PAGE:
Monday, January 6, 2014

The Challenges of Raising Livestock

You've heard of fair weather fans, right?  Well...for us livestock farmers, the term "fair weather fans" is not an option.  As we left our toasty warm house this morning, the outside temperature was -21 degrees with a wind chill of -50.  Although we would love to stay in where it is warm, we know that our cattle are out there waiting for some warm bedding and to be fed.  The thoughts that are running through our mind as we head out to get started are:  how many waterers will be frozen, how are the cattle handling the cold, will the tractors/payloader start and how long will they keep running in this cold?  So...our first steps are to start the tractors and payloader, then we walk through the cattle to see how they are doing and check the waterers as we walk in the pens.


After the cattle are fed, we begin to bed the pens to give our cattle a warm place to lay.  We have been giving them fresh bedding regularly through this cold snap.


We also changed their feed ration a little to add some more energy to their diet.  We know that they will need more energy to stay warm.


Even though we had a high of -11 degrees today, the cattle were having fun running around in their fresh bedding.  We take extra care during these cold days to make sure that our cattle our warm and healthy.  Our livestock are our first priority when the weather is not ideal.  Our family works together to make them comfortable and happy.

Monday, July 15, 2013

Spa Week on the Farm

It is the week before our County Fair, and we are very busy getting prepared!  The calves have been given a daily bath or two along with brushing, blow drying and styling since sometime in May.  They spend their days in the barn being pampered in their stall area on fans to keep them cool.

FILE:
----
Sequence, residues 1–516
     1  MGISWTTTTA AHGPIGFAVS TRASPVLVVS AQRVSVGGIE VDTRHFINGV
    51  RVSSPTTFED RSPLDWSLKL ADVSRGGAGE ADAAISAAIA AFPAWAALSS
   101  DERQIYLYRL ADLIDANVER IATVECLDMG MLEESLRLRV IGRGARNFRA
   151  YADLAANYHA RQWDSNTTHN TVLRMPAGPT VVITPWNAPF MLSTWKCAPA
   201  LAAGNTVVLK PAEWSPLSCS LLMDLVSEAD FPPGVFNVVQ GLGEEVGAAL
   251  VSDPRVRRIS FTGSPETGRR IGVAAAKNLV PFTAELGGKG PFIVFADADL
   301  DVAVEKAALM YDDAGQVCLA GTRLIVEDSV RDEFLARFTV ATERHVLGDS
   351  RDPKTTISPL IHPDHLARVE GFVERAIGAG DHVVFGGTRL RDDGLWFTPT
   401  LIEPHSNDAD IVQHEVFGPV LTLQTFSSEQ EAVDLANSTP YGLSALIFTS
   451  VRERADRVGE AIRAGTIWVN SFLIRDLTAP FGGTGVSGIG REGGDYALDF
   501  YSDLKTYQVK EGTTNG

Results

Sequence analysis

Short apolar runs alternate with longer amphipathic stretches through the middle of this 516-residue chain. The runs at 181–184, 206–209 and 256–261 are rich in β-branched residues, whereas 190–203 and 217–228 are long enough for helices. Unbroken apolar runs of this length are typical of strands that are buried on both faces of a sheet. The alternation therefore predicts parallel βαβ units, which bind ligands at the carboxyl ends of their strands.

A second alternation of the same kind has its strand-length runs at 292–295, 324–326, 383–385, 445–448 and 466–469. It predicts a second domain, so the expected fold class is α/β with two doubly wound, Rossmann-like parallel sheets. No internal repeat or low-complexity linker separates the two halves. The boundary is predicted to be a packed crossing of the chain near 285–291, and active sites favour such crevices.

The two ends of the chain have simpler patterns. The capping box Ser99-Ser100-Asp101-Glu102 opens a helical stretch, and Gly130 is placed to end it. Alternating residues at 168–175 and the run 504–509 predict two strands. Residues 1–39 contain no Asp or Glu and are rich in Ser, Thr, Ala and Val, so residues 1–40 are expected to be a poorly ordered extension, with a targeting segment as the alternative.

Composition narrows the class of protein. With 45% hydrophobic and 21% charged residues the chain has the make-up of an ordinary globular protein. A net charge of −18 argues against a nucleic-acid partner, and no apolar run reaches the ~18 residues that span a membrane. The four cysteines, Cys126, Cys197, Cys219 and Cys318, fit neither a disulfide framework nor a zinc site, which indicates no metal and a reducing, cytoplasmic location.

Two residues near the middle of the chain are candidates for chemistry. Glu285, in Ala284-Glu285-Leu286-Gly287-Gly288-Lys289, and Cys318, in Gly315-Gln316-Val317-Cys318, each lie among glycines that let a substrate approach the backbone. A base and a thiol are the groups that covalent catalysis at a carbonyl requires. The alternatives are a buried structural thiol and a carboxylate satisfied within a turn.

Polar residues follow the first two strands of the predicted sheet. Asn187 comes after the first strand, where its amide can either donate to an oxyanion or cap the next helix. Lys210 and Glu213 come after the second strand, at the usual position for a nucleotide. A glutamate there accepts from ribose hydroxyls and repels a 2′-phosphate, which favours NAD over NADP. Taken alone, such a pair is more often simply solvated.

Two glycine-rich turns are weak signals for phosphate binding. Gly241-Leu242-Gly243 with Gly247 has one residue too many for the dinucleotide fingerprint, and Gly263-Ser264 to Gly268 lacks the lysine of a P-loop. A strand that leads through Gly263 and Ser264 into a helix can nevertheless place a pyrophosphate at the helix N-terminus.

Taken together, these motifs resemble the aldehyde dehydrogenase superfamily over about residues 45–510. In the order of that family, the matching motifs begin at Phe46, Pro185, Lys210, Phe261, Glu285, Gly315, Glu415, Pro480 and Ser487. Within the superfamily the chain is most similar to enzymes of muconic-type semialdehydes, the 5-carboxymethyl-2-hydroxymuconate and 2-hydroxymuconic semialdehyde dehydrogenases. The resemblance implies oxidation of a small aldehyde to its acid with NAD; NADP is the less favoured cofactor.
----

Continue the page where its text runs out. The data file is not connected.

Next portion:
Last week the calves went for a little ride to get their "nails" done.  They actually got their hooves trimmed.  Sometimes their hooves grow quite large and curve a bit.  When you have them trimmed, it makes it easier for them to walk.


They also got their first haircut this week.  Since they are kept cool during the day, they grow a lot of hair.  This hair is great for grooming them for the show ring.  They do need to be trimmed up a bit in order to looked groomed and not shaggy.  We have a few "styling" products that we will use on show day to pretty them up even more.


JM is excited to head to the fair next Monday.  He really enjoys working with his calves and showing them.  Fair is a great learning experience!!  He made some great new friends last year, and got to enjoy the full 4-H experience.  It is not about the awards and ribbons that makes the fair great for him.  It is about the experiences with the work of getting to the fair and enjoying the satisfaction of showing off that hard work in the ring.  The relationships are unforgettable - from the animals that become part of your family to the new friends you make!

Wednesday, June 19, 2013

4-H Pen Project

We have been preparing our 2013 4-H projects since last fall, and tonight was the "Evaluation Night" for JM's Advanced Cattle Feeders Pen Project.  This project consists of choosing 4 steers to feed out as a competition.  They have a points system which measures rate of gain (the pounds each calf gains each day), their feed conversion (the rate at which they turn the feed they eat into pounds of gain), how they grade at the packer, the amount of money that the pen of four makes, and they have a component in there for hedging (which includes feed products i.e. corn).  Each "pen" competes against the other "pens" to be the top performer.  Each pen is fed at their own farm using whatever feed products they wish to use.  We submit feed sheets showing the feed  ration and pounds of feed fed to the cattle twice a month.  The pen of four were first weighed in at the end of November.